Learning From the Temptation of Joseph (Genesis 39:12)

Share the Post:

I’m not one to armchair quarterback someone else’s life (most times). I don’t like it when people do it to me, so why would I do it to someone else? I don’t have all the relevant info, so how accurate can my assessment be anyway?

That being said, I’m going to do that with Joseph in Genesis 39. This part of his story isn’t long, but it’s so dramatic. In less than twenty verses, he literally goes from being one-hundred percent in charge of Potiphar’s household, to a convicted criminal rotting in prison.

All of that happens because of the lust of Potiphar’s wife. Make no mistake about it, what she was asking of Joseph was most likely par for the course in those days. It was not out of the ordinary for privileged women in upper class societies to have suitors on the side. The men usually did too — as long as no one ever talked about it.

Whether or not it was “normal” is irrelevant to our discussion. Maybe it wasn’t “abnormal” in their circles, but either way, Joseph recognized it for the sin that it was. He viewed it categorically as a crime against Potiphar and God (Psalm 51:4).

So, what happened here?

First, Joseph was in the house alone. A lot of people will harp on this statement about Joseph, as if it was foolish of him to be in the house alone. Just like they do with David in 2 Samuel 11 who stayed home when his army went out to battle, Joseph should never have put himself in this position to begin with.

They’re not wrong. When I was a young preacher, I was told by several older preachers to never be alone with a woman. Why? Because (a) the temptation is there, and (b) the accusation could be there too, even if nothing happened. It’s just not smart, even if our modern-day culture scoffs at such wisdom.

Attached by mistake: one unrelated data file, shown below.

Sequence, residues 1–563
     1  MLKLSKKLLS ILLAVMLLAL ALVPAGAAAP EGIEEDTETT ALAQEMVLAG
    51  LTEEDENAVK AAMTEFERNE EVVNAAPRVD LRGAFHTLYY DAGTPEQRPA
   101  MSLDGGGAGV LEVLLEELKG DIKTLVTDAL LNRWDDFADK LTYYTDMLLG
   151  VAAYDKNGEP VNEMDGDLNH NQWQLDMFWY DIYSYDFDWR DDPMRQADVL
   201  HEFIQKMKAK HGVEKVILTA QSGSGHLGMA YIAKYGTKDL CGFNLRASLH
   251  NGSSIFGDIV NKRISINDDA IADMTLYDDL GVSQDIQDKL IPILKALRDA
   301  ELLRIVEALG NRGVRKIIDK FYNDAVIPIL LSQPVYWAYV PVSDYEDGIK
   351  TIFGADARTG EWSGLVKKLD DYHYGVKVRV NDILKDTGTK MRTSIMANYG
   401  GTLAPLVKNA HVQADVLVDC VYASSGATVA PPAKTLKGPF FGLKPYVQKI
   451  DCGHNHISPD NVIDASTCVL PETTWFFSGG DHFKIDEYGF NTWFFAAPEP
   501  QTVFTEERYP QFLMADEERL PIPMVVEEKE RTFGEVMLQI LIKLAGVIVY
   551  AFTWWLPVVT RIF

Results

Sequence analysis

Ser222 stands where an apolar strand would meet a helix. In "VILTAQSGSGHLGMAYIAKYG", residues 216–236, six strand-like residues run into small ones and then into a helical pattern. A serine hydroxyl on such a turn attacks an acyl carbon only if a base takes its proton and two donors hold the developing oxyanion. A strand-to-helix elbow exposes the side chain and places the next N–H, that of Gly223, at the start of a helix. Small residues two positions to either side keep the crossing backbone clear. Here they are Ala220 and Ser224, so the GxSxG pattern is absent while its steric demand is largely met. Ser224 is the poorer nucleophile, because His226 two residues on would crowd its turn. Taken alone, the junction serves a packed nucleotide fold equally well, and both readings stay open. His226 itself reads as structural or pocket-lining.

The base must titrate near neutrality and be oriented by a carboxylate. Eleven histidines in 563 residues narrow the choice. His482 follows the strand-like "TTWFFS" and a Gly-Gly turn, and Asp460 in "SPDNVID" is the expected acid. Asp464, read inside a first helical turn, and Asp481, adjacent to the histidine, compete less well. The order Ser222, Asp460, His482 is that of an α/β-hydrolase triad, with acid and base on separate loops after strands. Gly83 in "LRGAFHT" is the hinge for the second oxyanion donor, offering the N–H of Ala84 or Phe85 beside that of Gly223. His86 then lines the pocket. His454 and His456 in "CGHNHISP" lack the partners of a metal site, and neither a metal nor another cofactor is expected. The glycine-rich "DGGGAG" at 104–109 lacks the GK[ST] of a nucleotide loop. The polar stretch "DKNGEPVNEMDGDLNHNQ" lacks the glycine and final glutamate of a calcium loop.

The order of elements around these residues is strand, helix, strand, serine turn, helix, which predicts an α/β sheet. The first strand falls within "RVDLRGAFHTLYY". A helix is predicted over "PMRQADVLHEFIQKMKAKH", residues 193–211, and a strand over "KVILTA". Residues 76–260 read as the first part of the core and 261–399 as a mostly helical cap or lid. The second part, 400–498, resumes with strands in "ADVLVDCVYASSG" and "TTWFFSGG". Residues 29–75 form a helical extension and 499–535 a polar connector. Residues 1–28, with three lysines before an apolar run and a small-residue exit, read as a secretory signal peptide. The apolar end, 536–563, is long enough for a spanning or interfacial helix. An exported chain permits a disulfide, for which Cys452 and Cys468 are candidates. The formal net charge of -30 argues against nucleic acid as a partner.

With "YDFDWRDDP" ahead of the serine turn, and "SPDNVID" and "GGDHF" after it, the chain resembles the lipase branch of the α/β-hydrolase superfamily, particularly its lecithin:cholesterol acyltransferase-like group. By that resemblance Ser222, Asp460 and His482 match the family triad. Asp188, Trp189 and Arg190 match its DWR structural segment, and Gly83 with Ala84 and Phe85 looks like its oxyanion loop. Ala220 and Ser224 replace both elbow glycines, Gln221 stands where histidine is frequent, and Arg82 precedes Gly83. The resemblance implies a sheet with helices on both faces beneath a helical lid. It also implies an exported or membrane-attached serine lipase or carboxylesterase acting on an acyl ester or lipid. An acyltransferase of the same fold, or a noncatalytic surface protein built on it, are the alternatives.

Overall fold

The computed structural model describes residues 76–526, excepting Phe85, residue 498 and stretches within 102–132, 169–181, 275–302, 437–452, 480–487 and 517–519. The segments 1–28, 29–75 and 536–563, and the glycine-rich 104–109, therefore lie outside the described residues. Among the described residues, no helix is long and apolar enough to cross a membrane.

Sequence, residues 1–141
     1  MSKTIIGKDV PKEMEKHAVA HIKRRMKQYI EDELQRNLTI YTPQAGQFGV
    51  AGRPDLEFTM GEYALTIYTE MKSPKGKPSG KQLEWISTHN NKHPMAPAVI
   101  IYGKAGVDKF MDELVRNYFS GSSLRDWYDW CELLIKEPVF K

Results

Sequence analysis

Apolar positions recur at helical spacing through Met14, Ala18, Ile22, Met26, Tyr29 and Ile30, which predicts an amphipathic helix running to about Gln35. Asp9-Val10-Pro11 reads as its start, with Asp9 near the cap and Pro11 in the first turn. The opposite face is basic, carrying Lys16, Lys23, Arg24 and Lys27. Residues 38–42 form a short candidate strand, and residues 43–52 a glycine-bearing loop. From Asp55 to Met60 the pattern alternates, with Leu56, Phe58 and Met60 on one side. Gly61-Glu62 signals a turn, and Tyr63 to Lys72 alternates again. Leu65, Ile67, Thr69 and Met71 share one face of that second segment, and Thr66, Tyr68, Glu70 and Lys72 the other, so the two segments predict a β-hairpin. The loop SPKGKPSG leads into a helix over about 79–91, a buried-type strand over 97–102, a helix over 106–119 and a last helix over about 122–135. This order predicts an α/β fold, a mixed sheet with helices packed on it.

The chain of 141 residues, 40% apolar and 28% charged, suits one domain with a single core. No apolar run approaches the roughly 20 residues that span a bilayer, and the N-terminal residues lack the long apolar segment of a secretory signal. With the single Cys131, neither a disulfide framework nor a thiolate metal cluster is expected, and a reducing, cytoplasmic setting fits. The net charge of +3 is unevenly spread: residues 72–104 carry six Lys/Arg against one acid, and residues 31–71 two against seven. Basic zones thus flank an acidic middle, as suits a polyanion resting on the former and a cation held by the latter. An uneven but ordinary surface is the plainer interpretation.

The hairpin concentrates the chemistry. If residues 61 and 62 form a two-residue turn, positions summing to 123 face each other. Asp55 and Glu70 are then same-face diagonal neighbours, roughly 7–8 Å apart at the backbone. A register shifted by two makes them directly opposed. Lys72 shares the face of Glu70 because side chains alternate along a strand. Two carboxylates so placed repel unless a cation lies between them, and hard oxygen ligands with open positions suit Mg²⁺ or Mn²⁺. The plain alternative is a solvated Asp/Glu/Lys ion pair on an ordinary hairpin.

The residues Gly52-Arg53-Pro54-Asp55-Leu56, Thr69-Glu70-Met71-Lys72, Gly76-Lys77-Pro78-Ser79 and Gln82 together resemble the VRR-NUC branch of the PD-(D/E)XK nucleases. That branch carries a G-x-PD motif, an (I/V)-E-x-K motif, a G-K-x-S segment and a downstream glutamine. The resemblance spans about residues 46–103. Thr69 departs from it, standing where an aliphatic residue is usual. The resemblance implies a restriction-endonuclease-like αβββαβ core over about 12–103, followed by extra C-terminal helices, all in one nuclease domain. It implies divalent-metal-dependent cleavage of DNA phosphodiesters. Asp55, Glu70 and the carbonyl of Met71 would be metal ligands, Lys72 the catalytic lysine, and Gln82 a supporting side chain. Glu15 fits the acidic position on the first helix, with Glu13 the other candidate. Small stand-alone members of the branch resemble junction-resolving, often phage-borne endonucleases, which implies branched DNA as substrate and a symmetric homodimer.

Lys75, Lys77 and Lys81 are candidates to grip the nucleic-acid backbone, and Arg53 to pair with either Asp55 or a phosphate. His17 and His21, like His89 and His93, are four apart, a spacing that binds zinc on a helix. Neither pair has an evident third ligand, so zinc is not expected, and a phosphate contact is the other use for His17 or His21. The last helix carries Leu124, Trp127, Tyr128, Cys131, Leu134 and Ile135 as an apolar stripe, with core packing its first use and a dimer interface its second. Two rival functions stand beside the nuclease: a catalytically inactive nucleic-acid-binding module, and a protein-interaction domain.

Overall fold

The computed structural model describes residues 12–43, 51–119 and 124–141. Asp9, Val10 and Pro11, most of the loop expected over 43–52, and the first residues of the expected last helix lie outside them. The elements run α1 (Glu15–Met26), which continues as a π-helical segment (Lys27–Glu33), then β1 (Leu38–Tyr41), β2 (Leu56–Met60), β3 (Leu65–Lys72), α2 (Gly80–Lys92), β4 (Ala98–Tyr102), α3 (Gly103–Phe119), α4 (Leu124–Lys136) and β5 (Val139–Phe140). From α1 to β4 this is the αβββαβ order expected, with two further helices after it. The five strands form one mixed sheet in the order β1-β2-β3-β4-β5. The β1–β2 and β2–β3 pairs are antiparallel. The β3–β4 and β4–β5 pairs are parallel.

Should Joseph been alone in the house? Probably not, but who’s to say he even knew he was alone. Maybe he assumed others were nearby, or maybe he was just making a quick trip in the house. Regardless, he should’ve been aware of his surroundings. If he had been, he would’ve known there was a wolf waiting in the next room.

Second, Joseph ran. I remember laughing at this imagery as a kid. It seemed so extreme to me that someone would just leave their clothes in someone’s hand and run off, but it points to the aggressiveness of Potiphar’s wife. The fact that that was his only recourse in getting away shows just how adamant Mrs. Potiphar was in getting what she wanted.

Surprisingly, it’s not the only time in Scripture that someone leaves their clothes in someone else’s hand to get away. Mark —- er, a “young man” — runs away naked to escape the guards coming to arrest Jesus (Mark 15:51-52). When you need to leave, don’t walk. Run.

There is probably a thousand more things we could say about this moment, but this should be enough to chew on. The one thing I have learned about temptation in my short time on this earth is that if you take a bite, you’ll end up eating the whole thing. Don’t give someone like Mrs. Potiphar a moment of your time, or you’ll find yourself in a world of pain (Proverbs 7).